Nonlinear Analysis in MSC Nastran to Reduce Design Bottlenecks

Nonlinear Analysis in MSC Nastran to Reduce Design Bottlenecks

Sporadic use of advanced finite element analysis (FEA) software, such as nonlinear analysis by design engineers, can result in either excessive refresher training time or a bottleneck while in the queue for an analyst. The cause is a result of different types of solvers requiring different models. Commercially available translators can help, but still require significant amounts of cleanup. However, by integrating solvers in MSC Nastran’s SOL 600, the same model in the familiar MSC Nastran format can be used for both liner and MSC Marc nonlinear analysis.

“We use nonlinear simulation primarily for contact analysis,” says Dr. Michael R. Urban of Sikorsky Aircraft’s Structures Research department. “In the past, when engineers had a contact problem and needed a better understanding of the issues involved, they created a second model in MSC Marc Mentat for analysis in Marc or another nonlinear program. If the engineers had not been trained to use nonlinear analysis programs, they sent the model to an analyst, thus creating a bottleneck in the design process.” Previously, MSC Nastran users who wanted to perform analyses studying complex materials, small deformations, large strain, and 3D surface-to-surface contact had to learn how to use MSC Marc and its Mentat interface because Marc nonlinear analysis had been developed to solve models created with the Mentat pre-processor and view the results in the Mentat post-processor. Therefore, intermittent users of Marc had to either review the nonlinear training material whenever they needed to run a nonlinear analysis, or send the problem to an analyst to be run and wait for the results to be returned.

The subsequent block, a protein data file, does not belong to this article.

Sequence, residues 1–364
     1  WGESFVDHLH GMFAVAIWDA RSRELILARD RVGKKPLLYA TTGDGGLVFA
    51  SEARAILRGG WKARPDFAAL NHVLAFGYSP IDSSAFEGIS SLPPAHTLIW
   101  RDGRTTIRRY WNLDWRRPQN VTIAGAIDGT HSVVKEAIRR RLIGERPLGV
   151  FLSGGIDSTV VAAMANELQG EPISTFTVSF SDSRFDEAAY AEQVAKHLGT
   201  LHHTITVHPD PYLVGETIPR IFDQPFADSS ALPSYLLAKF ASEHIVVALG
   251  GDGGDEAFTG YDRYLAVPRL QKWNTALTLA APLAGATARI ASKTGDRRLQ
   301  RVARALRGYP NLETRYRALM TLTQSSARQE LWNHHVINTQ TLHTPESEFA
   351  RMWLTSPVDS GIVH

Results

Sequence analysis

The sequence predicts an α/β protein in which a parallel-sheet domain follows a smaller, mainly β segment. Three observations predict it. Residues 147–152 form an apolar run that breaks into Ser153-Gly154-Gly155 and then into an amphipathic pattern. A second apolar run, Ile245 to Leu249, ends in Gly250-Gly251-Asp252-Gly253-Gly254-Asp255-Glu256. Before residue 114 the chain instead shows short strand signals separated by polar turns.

With MSC Nastran, specific translators were developed between MSC Nastran and Marc, called “Solution 600.” Transparent to the user, the Marc solver does the number crunching for advanced nonlinear analysis using existing MSC Nastran models and providing results in the familiar MSC Nastran format. SOL 600 actually consists of two translators. One of them translates MSC Nastran input data for Marc to analyze. The second translator converts Marc results into MSC Nastran formats for post-processing. For the user, SOL 600 significantly expands nonlinear capabilities within Nastran and opens up new application arenas.

Most engineers at Sikorsky do not work with contact or other nonlinear analysis on a daily basis, and Dr. Urban points out, “It’s difficult to use a program sporadically, because you have to relearn it every time you use it. The capabilities of SOL 600 speed the nonlinear analysis process by enabling engineers to skip the creation of a separate model within Marc Mentat. Instead, by just clicking on the nonlinear preferences in Patran, engineers can perform nonlinear contact analysis in a program with which they are familiar.”

“The main value of SOL 600 is that people who are trained in MSC Nastran and Pataran can now do contact analysis with virtually zero training in MSC Marc. They are up and running, and can run contact analyses that would have required training in Marc and Mentat in the past. When they use SOL 600, they only have to remember the few steps they need to modify the model settings to run the contact analysis. It means that many more engineers can now run contact analysis,” says Dr. Urban.


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